ACCESS:bit for micro:bit - Review

Table of contents

RoadTest: ACCESS:bit for micro:bit

Author: colporteur

Creation date:

Evaluation Type: Electromechanical

Did you receive all parts the manufacturer stated would be included in the package?: True

What other parts do you consider comparable to this product?: Microcontrollers like Arduino

What were the biggest problems encountered?: Difficult to find documentation that enabled programming of the micro:bit with the ACCESS:bit installed.

Detailed Review:


This review is a summary of the details contained in the following series of blog created during the RoadTest Review process.

RoadTest Support: ACCESS:bit for micro:bit Introduction (Research and Unboxing)

RoadTest Support: ACCESS:bit for micro:bit The Application

RoadTest Support: ACCESS:bit for micro:bit Initial Impressions

RoadTest Support: ACCESS:bit for micro:bit Troubleshooting

RoadTest Support: ACCESS:bit for micro:bit Operational Success


The RoadTest Review accomplished the objectives that were listed in the application. The review was conducted by a 16 year old high school student with mentoring from the students very old Computer Club coach. The details of how the review was conducted can be found in blogRoadTest Support: ACCESS:bit for micro:bit The Application


The content of this post was formulated after the student and coach met for a student demonstration of the product and a post project review. The quoted lines of text in the review, are from the student taken during that discussion.



Getting the micro:bit working was not as difficult as getting the ACCESS:bit working. On an initial conversation after receiving the product the student had discovered the micro:bit demo. That created some appeal.


One of the students first objectives was to research the project. RoadTest Support: ACCESS:bit for micro:bit Introduction (Research and Unboxing) . The student assumed the datasheet 2787953.pdf  provided from the RoadTest Review site was correct and only research other documentation. "Why give me a document that is not right?" The assumption that the pdf was the appropriate was the start of the struggles of getting the device to work.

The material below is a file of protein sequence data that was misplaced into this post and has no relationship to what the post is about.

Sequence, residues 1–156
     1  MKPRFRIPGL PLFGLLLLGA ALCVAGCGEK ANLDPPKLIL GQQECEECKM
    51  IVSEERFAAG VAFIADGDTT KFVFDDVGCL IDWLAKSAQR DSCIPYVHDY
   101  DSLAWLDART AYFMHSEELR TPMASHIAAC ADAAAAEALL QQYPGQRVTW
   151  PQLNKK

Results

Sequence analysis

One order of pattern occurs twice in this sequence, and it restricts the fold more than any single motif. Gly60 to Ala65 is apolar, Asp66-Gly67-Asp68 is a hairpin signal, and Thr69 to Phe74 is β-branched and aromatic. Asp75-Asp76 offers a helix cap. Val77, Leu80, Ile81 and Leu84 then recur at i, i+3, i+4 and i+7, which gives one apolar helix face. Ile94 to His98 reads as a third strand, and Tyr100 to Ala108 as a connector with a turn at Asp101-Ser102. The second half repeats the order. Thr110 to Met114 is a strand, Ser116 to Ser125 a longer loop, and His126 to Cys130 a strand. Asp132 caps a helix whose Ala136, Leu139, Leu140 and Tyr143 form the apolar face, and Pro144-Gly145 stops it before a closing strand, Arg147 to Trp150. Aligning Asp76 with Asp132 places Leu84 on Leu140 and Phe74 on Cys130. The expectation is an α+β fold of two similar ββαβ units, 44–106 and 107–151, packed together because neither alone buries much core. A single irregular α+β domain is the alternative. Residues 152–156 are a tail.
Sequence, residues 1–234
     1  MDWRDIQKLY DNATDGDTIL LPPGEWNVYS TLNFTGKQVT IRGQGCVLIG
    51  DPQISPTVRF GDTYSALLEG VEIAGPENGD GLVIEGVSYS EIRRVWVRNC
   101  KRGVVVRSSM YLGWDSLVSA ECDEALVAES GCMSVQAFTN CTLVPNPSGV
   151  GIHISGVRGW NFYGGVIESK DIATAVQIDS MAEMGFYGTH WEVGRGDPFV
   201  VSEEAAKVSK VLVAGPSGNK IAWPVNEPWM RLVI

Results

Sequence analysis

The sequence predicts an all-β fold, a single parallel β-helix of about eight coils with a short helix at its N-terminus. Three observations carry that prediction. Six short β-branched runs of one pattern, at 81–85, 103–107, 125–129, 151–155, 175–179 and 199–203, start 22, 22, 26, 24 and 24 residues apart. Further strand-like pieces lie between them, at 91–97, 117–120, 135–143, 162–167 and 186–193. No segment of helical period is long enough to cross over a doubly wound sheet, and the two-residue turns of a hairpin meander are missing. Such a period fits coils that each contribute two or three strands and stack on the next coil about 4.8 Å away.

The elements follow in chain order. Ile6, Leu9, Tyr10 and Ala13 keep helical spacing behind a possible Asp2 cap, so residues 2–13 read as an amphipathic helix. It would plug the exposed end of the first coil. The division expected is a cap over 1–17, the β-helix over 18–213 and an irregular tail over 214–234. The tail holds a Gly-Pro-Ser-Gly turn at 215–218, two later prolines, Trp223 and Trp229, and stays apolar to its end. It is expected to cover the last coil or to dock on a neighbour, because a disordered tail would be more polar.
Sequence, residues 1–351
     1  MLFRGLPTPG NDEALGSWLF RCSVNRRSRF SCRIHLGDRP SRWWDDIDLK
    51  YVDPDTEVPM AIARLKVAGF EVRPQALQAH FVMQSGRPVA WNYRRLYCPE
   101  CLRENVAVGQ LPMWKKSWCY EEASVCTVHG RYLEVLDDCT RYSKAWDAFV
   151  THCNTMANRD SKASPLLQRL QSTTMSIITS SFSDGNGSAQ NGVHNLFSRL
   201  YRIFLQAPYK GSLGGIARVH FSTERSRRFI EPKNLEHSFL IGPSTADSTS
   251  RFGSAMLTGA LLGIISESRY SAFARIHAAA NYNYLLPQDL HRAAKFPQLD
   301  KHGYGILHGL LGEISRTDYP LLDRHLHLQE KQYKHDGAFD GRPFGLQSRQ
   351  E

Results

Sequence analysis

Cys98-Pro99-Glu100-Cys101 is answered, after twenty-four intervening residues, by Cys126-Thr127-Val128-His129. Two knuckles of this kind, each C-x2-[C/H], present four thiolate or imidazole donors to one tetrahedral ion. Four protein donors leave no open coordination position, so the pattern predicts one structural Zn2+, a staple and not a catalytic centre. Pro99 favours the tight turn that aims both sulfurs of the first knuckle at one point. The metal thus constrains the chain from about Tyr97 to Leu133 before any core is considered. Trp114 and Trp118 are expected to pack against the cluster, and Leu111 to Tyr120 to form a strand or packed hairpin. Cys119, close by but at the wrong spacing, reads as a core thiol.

"I have experience with computer hardware and electronics. I had to do a lot of trial and error to get the ACCESS:bit working. I found it difficult to find stuff on the device. The documentation provided a link that was dead. I'm not willing to give up."


The student continued to struggle until the mentor provided an updated version of the ACCESS:bit datasheet, 5646-access-bit-microbit-pedestrian-crossing-datsheet.pdf. The revised datasheet contained the instructions for the hardware version that was provided in the RoadTest. In addition the datasheet contained the revision to the block code required to run the device.


The other step required to get the ACCESS:bit working was to ask the student to become myopic in their focus. Only do what is in the documentation! Forget what you have discovered in your struggle. If it doesn't say it in the documentation then you can't use it. That was difficult because the student felt they had learned something it should be used.


I would also suggest the student became overwhelmed. The mentor did discuss the pinout of the servo motor yet the student still reversed the connection later when they worked independently. Granted the mentoring was remote, not face-to face but, that was understood from the application. There is no keying on the connector to prevent reversing the connection. Even the pins on the connector provide no indication of the order. I suggest if the student has close supervision this would reduce the problem."